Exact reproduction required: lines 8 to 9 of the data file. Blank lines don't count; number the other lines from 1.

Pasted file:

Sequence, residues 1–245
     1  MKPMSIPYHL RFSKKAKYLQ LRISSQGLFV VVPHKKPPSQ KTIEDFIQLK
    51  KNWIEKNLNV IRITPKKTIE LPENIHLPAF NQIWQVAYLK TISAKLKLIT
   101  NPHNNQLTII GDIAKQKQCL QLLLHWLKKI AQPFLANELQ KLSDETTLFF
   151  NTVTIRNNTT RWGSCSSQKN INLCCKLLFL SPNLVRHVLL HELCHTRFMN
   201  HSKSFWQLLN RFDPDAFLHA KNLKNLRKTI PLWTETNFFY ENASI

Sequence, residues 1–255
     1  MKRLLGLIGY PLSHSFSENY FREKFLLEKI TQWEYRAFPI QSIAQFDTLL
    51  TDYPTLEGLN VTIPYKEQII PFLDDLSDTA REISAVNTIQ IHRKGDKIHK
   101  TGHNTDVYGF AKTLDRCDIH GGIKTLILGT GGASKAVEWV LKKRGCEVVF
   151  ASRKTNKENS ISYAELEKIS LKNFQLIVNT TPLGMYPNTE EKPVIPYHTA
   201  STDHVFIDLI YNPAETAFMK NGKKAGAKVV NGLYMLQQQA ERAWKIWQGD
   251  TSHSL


     1  MKRLLGLIGY PLSHSFSENY FREKFLLEKI TQWEYRAFPI QSIAQFDTLL
    51  TDYPTLEGLN VTIPYKEQII PFLDDLSDTA REISAVNTIQ IHRKGDKIHK